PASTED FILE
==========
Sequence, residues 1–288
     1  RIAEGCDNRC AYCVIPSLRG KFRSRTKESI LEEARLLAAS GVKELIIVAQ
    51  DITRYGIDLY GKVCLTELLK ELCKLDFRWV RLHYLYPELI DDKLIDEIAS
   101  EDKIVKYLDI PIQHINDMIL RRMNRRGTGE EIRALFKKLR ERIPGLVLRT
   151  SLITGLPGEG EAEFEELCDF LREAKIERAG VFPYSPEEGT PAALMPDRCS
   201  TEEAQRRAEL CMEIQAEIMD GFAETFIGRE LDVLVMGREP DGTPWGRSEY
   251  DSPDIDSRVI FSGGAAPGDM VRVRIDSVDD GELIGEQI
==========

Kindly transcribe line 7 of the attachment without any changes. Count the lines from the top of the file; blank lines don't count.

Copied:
   251  DSPDIDSRVI FSGGAAPGDM VRVRIDSVDD GELIGEQI